On 11/25/2008 5:37 PM, Rory Molinari wrote:
> Lars Huttar wrote:
>> Thanks for the explanation.
>> I hope that when the manual is finished it will make this clearer.
>> Currently, the draft chapter says
>> "As will be explained later, the command \rm is used to switch to a
>> roman/serif/regular style"
>> which does not seem to be happening.
> I think it is due to a difference in terminology between (plain) TeX and 
> ConTeXt.
> Knuth uses "roman" to mean "with serifs and not slanted"

As a newbie to typesetting, reading the TeXbook, I certainly wondered
which "axes" Knuth meant 'roman' to refer to... he simply describes it
as 'normal "roman"' and gives a visual example. So far, all I'd gathered
was that it meant "not italic."

Now that you brought up serifs, I read further in the chapter where
Knuth introduces \rm (ch. 4). He eventually makes clear that he does not
contrast roman with sans-serif (nor with slanted!), because he mentions
both slanted roman (p. 13) and the approved use of \rm to be temporarily
defined to mean a sans-serif type (p. 15). Apparently the only thing
roman is contrasted with in Knuth's book is "italic" (i.e. the modified
glyph style of an italic font, regardless of the slant).

Out of curiosity, I looked up 'roman' with regard to typography on
wikipedia. On the disambiguation page for Roman it says "Roman type, an
upright typeface style, contrasted to italic". But on the Roman_type
page it lists both "not-italic" and "with-serif" as (separate) senses of
"roman". Thanks for the tip.

Regardless of the terminology used, though, what is objectively clear is
that \rm has different effects on font settings in ConTeXt than in Plain
TeX. The TeXbook makes clear by example, if not by statement, that one
of the effects of '\rm' must be to make text non-italicized (also

If it's designed not to do that in ConTeXt -- i.e. the ConTeXt designers
decided to change the semantics of one of the basic control sequences in
TeX, rather than merely providing a different one with new semantics --
you would think one would want that to be prominently documented. (Maybe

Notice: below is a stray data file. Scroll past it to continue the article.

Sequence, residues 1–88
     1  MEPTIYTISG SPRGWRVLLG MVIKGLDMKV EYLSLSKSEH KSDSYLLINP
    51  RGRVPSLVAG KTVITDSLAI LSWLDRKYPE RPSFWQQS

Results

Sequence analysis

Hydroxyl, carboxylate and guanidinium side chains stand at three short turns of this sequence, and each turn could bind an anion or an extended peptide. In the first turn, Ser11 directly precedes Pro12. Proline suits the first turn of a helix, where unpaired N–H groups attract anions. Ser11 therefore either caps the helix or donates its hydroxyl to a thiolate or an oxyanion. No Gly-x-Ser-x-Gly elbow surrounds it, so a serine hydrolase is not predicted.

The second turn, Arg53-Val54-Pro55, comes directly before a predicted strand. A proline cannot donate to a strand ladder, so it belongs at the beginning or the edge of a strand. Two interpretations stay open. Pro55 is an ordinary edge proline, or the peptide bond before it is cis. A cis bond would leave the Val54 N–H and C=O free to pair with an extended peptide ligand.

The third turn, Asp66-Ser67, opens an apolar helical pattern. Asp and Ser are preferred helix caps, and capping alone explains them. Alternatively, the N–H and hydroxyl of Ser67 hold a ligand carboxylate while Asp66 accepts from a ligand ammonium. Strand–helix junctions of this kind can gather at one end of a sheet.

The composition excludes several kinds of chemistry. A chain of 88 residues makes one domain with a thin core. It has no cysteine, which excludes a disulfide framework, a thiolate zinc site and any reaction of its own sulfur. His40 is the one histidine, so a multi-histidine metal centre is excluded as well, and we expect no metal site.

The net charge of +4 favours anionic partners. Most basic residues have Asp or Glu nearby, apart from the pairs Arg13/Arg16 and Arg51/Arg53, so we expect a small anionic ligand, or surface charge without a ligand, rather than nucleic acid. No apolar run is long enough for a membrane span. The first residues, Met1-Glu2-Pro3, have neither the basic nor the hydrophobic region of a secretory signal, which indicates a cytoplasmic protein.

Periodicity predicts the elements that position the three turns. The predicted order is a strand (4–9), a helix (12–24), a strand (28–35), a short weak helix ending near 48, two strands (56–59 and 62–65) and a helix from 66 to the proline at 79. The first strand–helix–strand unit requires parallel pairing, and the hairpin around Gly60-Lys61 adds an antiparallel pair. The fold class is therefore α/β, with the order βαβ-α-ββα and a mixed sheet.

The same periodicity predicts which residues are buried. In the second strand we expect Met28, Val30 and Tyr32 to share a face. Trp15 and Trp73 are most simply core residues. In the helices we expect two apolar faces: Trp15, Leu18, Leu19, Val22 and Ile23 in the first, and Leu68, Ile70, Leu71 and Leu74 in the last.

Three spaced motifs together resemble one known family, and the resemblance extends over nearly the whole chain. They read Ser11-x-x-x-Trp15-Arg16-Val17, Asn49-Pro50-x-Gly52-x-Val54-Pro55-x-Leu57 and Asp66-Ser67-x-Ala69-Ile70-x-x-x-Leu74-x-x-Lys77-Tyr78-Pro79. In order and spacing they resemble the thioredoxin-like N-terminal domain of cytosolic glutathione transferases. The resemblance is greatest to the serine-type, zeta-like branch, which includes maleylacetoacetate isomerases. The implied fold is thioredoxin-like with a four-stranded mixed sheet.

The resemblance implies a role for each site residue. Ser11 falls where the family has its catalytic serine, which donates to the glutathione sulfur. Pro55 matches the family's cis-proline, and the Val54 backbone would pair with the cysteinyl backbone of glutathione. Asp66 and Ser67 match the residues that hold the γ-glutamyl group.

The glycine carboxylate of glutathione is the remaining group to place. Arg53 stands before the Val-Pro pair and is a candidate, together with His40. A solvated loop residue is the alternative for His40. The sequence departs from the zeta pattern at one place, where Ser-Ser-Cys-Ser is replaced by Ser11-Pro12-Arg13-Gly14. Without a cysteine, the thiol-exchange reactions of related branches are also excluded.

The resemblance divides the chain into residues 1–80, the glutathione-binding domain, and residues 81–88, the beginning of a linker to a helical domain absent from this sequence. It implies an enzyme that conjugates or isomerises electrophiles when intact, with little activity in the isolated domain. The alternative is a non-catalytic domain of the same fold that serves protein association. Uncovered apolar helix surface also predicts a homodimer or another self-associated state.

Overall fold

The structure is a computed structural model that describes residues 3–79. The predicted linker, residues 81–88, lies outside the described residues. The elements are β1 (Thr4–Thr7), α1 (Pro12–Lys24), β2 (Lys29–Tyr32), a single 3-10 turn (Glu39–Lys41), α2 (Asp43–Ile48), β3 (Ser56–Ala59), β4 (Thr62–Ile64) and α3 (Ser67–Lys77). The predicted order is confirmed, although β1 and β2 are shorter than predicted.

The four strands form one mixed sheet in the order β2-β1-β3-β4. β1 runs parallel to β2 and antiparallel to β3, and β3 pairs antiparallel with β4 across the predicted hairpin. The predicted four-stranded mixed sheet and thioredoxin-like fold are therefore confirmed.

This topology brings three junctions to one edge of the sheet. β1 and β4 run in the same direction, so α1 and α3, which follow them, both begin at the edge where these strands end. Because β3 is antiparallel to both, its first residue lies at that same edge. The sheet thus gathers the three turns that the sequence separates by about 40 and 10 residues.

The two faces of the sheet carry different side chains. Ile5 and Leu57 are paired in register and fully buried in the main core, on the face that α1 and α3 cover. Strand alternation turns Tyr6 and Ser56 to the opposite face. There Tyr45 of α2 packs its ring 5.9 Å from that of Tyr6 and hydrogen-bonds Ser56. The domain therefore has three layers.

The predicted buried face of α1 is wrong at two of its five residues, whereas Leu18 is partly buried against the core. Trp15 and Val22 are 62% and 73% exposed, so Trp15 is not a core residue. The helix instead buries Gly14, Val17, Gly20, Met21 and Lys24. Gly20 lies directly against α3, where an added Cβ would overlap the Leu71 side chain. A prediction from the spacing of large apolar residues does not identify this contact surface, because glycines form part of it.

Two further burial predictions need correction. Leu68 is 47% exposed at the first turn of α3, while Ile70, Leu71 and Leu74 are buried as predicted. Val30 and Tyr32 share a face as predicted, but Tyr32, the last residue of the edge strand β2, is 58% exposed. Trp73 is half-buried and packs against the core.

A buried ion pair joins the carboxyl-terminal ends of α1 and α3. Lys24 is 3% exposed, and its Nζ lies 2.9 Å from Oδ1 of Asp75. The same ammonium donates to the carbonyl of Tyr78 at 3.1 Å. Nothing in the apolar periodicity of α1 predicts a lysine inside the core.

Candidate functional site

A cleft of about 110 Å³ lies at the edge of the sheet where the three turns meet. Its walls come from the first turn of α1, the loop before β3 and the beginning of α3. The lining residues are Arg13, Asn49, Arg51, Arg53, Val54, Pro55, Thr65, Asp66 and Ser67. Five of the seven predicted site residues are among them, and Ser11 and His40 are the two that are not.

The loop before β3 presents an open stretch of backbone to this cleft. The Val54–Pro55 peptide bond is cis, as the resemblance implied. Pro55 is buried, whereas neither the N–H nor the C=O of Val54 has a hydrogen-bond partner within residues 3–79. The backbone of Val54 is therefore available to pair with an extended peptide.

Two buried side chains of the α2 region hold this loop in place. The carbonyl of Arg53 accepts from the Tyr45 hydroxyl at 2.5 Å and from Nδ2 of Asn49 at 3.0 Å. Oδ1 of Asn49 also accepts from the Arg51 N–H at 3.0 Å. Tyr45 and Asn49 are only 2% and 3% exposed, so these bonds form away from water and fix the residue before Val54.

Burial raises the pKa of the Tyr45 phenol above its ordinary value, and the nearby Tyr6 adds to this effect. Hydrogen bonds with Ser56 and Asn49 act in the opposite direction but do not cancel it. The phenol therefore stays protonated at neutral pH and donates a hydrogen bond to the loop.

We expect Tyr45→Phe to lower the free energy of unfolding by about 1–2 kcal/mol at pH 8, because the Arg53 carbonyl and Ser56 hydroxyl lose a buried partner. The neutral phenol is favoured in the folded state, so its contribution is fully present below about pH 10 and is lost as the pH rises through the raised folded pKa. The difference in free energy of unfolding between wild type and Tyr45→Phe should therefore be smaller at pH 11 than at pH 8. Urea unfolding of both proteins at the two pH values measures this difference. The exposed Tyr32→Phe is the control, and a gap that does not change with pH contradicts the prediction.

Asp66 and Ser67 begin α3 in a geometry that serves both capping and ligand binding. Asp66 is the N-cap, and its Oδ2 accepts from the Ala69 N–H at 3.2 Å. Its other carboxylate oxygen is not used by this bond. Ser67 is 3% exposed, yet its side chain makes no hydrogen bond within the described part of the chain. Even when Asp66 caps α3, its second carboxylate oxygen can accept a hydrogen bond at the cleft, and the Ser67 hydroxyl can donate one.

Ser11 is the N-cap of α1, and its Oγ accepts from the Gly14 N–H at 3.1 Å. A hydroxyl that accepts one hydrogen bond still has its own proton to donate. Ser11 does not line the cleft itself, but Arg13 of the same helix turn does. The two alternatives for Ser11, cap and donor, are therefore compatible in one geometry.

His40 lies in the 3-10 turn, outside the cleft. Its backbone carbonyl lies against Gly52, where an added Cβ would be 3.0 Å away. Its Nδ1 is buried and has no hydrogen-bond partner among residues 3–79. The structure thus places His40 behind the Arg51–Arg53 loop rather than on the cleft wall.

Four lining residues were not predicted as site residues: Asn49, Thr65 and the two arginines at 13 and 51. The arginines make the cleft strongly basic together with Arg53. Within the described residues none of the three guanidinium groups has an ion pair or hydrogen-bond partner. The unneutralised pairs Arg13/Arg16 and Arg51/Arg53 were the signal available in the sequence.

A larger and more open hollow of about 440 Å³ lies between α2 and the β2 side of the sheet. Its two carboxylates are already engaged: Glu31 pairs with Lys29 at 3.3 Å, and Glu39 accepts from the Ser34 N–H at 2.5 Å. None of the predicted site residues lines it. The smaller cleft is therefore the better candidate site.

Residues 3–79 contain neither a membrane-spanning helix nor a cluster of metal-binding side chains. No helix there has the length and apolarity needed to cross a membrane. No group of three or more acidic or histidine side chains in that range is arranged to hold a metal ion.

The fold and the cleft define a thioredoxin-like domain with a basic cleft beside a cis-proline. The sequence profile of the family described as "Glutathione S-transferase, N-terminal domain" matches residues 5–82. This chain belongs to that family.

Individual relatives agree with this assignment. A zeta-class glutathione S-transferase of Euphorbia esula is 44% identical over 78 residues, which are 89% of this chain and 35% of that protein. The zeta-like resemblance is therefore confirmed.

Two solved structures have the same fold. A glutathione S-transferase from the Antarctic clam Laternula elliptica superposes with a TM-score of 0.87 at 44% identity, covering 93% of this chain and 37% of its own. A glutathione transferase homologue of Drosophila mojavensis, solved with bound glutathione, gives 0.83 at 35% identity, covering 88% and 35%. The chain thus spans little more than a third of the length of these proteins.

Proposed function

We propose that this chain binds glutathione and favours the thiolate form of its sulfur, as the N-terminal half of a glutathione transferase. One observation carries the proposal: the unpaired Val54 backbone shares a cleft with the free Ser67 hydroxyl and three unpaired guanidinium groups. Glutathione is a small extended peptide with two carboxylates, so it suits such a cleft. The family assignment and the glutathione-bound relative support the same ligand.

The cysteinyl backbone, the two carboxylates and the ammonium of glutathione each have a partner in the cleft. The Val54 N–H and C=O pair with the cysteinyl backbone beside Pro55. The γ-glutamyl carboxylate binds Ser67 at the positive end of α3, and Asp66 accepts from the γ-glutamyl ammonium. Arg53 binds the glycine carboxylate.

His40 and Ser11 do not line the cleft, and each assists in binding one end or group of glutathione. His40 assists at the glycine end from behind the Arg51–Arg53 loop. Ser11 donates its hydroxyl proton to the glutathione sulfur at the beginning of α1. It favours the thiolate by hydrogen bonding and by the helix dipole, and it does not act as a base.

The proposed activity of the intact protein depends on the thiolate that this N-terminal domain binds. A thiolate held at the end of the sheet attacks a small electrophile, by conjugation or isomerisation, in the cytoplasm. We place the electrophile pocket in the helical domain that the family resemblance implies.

some flashing orange lights? :-)

Whereas \rm is not found at all in the command reference at

> while ConTeXt
> uses it to mean just "not sans serif".

I wonder if the command sequence \serif was already taken?
That would certainly be less ambiguous and confusing...

> So something like
> aardvark {\it aardvark {\rm aardvark}}
> is really doing something like:
> - Set "aardvark" in the default face (which is probably an unslanted serif)
> - Switch to the italic "flavor" of the default face, which here means a 
> traditional italic
> - While in the italic flavor, switch to a roman "base".  But we already 
> had a roman "base" so this doesn't change anything: we are still slanted 
> because of the enclosing \it.
> "Roman" and "italic" are on different axes and can be changed independently.

It makes sense for "italicness" and "serifity" to be independently
What's discouraging to me as a entrant to the whole TeX world (but an
experienced programmer) is the (apparently undocumented) redefinition of
a well-established control sequence that used to mean "non-italic" to
mean something different (maybe "serif" -- I still don't know for sure).

If I were choosing a TeX macro package at this point, I would definitely
 look for one that kept semantics of basic TeX command sequences
consistent with the intent expressed in the TeXbook... to avoid package
lock-in, as well as to make the learning curve easier and to be able to
use the resources of the whole TeX community.

That being said, I appreciate the design goals of ConTeXt, including the
desire to have independent controls for +/- italic, +/- serif, etc. I'm
also amazed at the energy that Hans still devotes to answering questions
on this mailing list, 18 years after ConTeXt was written! That's dedication.

Sorry if the above sounds too negative. After all, the TeXbook itself
does not make the semantics of \rm obvious.
However, once you dig deep enough it becomes clear that \rm does mean
"switch to a non-italic typeface" in Plain TeX.

> However, things are different if we start off in a sans serif face, like
> \ss aardvark {\it aardvark {\rm aardvark}}
> Now the \it still gives slanted text, but since the "base" is sans serif 
> we don't get the traditional "italic" appearance that corresponds to a 
> roman "base".  The nested \rm now does that.
> (Note: my terminology is all wrong.  "Base" and "flavor" aren't the 
> right terms at all, but I cannot remember the correct terms right now. 
> I would be grateful is someone could correct me.)
> Cheers,
> Rory


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